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  4. I love this name reflection. I am Adrienne, and would have been Adrian if I;d been a boy. I am a twin too. Alas, my twin, who is 4 minutes older, is named Andrea (she would have been Andrew). You parents were wise to choose two dissimilar names. We had no end of trouble as children, even though we look not at all alike. We were not allowed to have nicknames as my dad had one as a kid and hated it.

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  5. I love this! We all have a relationship with our names…and now I’m going to be thinking all day about mine. And I wonder what my kids will think of theirs 25 or 50 years from now?? I changed my name from Katie to Kate after college, but now I’m back in my college town so I’m having a funny rebirth of Katie. My kids are confused. It’s not so important and makes me feel a little younger being called “Katie” again so… 🙂

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  6. Aren’t names funny? I wrote about my name several years ago during March. I never liked my name because it was unlike any other name. Debbie was a popular name when I was in school. That is the name I would have selected if it were up to me. Then when the teacher called out Debbie, it wouldn’t have to be me. I gave myself a blogging name from my initials, LC. My real name is LeAnn and no one else ever had that name, plus it was weird to have a capital in the middle of the five letters. I don’t know what my parents were thinking when they picked this out. Since I didn’t like a unique name, I created a rule for naming my child. This name had to be found on the bike license plate spinner in stores. I wanted one of those plates so badly, but never could find one with my name. Your topic today has lead to mini slices in your comment box. How fun!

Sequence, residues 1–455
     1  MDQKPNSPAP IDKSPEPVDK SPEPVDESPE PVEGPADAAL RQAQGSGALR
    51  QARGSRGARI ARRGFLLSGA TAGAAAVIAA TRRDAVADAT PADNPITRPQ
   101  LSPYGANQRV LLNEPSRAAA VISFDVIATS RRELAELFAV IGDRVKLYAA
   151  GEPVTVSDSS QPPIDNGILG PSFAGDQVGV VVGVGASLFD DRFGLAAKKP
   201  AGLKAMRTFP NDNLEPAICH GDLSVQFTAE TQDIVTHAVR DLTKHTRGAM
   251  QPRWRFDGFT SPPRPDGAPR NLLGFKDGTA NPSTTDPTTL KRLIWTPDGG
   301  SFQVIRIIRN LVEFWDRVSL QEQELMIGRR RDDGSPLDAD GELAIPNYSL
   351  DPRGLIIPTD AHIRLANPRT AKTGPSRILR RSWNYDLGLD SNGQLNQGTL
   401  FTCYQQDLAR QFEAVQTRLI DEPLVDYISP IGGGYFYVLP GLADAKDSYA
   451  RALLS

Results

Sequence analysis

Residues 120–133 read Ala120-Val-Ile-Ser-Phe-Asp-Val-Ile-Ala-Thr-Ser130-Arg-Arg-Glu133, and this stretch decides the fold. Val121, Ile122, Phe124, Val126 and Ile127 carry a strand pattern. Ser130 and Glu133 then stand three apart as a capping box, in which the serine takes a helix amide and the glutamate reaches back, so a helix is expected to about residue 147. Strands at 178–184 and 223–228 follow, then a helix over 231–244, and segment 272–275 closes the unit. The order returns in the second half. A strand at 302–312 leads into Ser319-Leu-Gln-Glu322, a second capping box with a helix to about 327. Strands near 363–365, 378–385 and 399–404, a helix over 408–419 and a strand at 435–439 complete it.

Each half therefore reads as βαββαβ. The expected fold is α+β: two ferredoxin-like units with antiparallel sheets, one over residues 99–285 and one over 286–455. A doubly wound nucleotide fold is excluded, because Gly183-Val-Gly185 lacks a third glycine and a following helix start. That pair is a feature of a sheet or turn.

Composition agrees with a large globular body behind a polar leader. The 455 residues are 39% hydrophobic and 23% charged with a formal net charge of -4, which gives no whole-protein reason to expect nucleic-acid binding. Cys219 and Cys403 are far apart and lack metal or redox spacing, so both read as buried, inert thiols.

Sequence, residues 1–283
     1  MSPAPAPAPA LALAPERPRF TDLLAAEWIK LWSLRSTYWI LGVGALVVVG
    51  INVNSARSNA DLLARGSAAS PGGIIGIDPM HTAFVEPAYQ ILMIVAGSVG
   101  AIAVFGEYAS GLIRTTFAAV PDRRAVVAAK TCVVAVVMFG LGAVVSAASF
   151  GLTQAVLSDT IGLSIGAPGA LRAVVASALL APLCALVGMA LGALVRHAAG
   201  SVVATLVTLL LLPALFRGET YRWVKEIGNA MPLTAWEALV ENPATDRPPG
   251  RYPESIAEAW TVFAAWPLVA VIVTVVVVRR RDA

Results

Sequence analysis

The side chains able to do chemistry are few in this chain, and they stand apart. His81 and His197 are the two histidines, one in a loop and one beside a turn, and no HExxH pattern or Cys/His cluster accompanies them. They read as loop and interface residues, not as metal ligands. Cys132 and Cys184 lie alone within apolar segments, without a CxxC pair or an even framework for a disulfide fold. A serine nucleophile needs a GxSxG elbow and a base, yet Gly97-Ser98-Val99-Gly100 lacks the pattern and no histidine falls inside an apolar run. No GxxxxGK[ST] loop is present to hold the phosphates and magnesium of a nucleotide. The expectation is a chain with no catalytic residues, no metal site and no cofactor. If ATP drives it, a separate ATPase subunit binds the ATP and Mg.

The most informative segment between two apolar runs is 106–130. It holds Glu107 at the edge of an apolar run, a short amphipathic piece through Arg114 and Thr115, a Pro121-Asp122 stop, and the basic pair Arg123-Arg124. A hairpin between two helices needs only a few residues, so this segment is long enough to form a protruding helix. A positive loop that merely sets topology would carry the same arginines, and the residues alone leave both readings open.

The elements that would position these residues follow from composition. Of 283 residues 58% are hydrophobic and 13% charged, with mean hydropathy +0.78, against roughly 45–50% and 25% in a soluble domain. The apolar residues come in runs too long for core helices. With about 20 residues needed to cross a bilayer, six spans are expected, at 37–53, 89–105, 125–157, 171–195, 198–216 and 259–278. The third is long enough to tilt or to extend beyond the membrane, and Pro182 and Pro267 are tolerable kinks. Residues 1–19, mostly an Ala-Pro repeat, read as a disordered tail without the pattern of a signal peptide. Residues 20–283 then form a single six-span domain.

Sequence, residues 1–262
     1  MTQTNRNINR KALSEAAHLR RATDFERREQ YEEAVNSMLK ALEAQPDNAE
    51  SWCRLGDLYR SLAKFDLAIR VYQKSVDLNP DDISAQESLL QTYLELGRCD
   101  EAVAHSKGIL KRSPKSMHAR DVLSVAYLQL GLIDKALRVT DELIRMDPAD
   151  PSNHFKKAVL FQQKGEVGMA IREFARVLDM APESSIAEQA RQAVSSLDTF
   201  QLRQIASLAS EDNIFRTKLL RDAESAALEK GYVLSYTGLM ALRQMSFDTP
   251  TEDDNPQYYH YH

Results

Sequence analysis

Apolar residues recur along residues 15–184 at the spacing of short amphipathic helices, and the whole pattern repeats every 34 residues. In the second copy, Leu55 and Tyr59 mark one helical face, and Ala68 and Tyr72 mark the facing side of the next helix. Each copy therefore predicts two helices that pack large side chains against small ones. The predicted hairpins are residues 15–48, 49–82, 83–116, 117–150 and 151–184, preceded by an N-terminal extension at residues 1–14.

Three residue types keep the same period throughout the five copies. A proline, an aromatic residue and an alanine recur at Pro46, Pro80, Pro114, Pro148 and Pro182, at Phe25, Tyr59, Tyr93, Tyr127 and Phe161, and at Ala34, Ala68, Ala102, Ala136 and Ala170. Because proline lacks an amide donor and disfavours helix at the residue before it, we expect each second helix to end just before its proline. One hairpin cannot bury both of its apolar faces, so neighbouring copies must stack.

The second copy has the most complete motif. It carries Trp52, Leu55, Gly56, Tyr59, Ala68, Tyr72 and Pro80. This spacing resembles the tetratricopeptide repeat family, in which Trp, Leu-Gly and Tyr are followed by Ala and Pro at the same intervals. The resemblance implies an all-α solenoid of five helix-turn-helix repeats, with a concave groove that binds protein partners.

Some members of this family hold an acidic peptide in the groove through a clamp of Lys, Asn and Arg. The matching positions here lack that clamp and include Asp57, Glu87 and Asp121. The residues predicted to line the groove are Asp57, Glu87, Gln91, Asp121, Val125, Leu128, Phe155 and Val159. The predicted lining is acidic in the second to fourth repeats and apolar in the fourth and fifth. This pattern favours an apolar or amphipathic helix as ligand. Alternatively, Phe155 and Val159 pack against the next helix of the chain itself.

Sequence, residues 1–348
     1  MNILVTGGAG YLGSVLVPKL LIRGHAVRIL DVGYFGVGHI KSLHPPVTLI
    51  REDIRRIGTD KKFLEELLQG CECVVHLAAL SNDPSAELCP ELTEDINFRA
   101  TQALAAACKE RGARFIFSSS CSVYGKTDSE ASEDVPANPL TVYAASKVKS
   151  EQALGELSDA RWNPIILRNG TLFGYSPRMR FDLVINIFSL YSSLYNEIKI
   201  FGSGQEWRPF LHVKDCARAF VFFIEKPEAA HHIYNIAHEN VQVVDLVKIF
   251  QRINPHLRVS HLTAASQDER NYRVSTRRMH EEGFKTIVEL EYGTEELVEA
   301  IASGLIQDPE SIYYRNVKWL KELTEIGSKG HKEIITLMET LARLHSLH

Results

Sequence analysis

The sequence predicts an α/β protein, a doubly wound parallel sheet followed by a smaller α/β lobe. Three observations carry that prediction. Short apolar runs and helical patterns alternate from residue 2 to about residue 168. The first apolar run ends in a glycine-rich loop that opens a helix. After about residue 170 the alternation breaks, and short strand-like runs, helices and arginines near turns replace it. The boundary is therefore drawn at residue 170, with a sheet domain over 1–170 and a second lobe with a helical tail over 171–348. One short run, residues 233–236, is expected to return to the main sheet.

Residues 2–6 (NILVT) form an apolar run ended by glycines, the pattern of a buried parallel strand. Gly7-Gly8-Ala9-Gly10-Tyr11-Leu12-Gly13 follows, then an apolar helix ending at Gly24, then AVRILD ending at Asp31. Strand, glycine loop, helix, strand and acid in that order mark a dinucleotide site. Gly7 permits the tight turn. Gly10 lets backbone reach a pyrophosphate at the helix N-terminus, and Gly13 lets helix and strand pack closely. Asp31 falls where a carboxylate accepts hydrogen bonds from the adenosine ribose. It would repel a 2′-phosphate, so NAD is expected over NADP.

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  7. Wow, Deborah, so powerful. Your post reminded me of Andy Rooney. He always made everyday things enjoyable to hear about., with lots of asides. Your post is just lovely–so cute, sweet and reminiscent. Like others said in their comments, it reminded me of my own name. Early (in utero) my name was Lisa Lorraine. I always had daydreams about being Lisa instead of Denise.

    Thanks for sharing,

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  8. Names are so interesting, aren’t they? As a mom, I know why I chose all three of my boys names. My name was chosen because my mom had three close friends named Carol, so that’s what I got. I am thankful I didn’t get stuck with Penny or Robin, as both were in the running!

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  9. There’s so much to a name and so much to how we own our name. Your post addresses this in such an interesting and thought -provoking way. Now you’ve got me thinking of all the names I respond to and love. Maybe that will be my next slice.

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  10. I love how you wove in the nuances of who you are and who you might have been. I have a very unusual name and if I had not been born on my mother’s best friend’s birthday, a best friend named after an Hispanic housekeeper long ago, I would have been Colleen Dineen….I am pretty sure that rhyming names would not have been fun in Middle School!